TLC Book Tour Review of “On China” by Henry Kissinger

Note: This book is reviewed as part of TLC Tours by my husband Jim.

Chinese written history goes back more than 2500 years. Its earliest myths speak of a Yellow Emperor, who does not establish or found the civilization, but rather restores order to an already ancient kingdom. Throughout their long history, the Chinese thought of themselves as the center of the world, the “Middle Kingdom.” The Chinese believe their empire grew not from conquest, but rather by absorption of surrounding barbarian peoples who fervently wished to become Chinese. The Chinese persisted in perceiving themselves as innately superior to other ethnicities throughout their long history until much of their country was colonized by Europeans and the Japanese in the 19th century.

Henry Kissinger’s On China begins with a synopsis of that long history because he believes it is necessary in order to understand the path of Chinese diplomacy in the modern world. His account details Chinese diplomacy from the 19th century through the present day, with an emphasis on the period after the founding of the People’s Republic in 1948. He credits modern Chinese leaders from Mao Zedong through Deng Xiaoping through Jiang Zemin with having great patience and an extraordinarily long-term view of world history. Zhou Enlai, Kissinger’s counterpart under Mao, when asked what he thought of the French Revolution, replied that “it was too early to tell.”

Henry Kissinger and Zhou Enlai in 1971

An organizing theme in Kissinger’s analysis of relations between China and the West is the contrast between the board games of wei qi and chess. [Wei qi is the game known as “Go” in English.] The Chinese approach, like good strategy in wei qi, requires the avoidance of encirclement. The Western powers historically have sought head-on clashes with clear winners and losers, more like chess. Kissinger uses this analogy to describe Chinese behavior in the Korean War, the Taiwan Strait crises of the 1950’s, and China’s 1962 war with India.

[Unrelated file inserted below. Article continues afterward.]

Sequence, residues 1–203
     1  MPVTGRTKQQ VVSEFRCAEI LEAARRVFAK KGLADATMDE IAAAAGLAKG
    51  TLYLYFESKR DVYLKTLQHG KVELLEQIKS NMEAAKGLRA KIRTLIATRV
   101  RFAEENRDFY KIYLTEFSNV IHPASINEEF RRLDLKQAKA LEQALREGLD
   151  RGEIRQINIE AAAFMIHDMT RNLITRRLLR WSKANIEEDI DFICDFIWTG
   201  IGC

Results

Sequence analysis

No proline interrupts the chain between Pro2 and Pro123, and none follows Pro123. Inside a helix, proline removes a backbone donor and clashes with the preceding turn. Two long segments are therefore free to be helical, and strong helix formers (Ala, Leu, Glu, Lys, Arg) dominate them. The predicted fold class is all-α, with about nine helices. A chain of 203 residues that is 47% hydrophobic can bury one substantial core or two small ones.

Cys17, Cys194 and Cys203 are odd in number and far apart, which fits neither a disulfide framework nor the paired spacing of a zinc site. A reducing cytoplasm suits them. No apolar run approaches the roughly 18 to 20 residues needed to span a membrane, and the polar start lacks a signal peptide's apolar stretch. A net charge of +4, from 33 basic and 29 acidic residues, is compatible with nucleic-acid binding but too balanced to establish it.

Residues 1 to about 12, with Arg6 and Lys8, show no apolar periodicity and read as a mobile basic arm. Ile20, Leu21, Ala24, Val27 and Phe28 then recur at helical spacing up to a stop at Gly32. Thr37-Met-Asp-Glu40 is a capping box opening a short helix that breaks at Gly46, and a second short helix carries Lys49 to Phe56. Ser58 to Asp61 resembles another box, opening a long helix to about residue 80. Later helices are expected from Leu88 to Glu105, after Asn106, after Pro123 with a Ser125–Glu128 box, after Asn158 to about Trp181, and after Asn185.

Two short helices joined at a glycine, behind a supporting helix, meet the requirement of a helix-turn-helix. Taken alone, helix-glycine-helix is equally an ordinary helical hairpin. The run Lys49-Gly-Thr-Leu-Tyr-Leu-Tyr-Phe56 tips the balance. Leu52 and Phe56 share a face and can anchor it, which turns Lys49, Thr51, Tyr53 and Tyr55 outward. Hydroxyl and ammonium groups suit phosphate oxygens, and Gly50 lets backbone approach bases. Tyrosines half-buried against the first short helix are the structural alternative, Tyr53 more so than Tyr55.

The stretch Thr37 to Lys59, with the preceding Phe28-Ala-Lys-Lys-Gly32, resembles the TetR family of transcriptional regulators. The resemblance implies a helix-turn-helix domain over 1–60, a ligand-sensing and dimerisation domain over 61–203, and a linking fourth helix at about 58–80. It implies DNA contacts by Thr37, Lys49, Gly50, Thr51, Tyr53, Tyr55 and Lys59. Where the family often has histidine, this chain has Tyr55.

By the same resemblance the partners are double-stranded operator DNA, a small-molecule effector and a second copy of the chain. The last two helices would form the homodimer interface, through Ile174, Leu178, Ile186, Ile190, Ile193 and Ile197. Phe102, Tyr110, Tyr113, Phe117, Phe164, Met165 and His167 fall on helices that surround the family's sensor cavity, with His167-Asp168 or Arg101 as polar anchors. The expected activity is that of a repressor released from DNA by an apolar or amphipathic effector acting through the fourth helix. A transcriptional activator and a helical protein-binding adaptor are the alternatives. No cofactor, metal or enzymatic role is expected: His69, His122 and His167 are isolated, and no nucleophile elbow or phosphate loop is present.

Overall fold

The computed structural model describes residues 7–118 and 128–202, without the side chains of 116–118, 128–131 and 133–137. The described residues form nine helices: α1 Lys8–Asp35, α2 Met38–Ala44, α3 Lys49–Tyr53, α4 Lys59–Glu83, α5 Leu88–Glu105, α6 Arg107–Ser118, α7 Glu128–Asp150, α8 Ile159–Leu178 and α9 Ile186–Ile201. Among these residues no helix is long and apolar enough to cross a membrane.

Wei Qi, or Go game board

Not renowned for his humility, Kissinger might have subtitled this book “How I personally Saved Western Civilization.” Nevertheless, he is an appropriate chronicler of recent Chinese history since he (along with Richard Nixon, Mao, and Zhou) may have had as much to do with China’s “opening up” to the West as any other human being. The implicit evaluations in his account are somewhat influenced by his personal interactions with the other dramatis personae. For example, Kissinger seems to admire Mao, crediting him with great wisdom despite the fact that his Great Leap Forward and Cultural Revolution resulted in starvation or political persecution for millions of Chinese, in addition to stultifying China’s economy for at least a decade.

Kissinger argues that China, unlike the Soviet Union, has not attempted to expand communism beyond its historical territorial limits. China’s principal strategic problem since the founding of the Peoples’ Republic has been that it is surrounded by unfriendly neighbor states that claim some of the territory historically ruled by China. For example, the Soviet Union sought to control Outer Mongolia despite its ostensible communal bonds of communist ideology. In addition, India and China have long disputed their boundary in the Himalayas, and even fought a short nasty war over its location in 1962. In Kissinger’s view, China’s intervention in the Korean War was not motivated so much by a desire to protect a fraternal communist state as it was a straight forward defense of its own frontier.

Nixon and Kissinger were relatively indifferent to Chinese internal politics, and were able to reach an accommodation with Mao over many international issues because of their mutual distrust of Soviet expansionism. China did not intervene in America’s Vietnam War in any meaningful way because it valued its growing relationship with the United States. In fact, China and Vietnam are historical rivals and even fought a brief war with each other once the United States abandoned the area.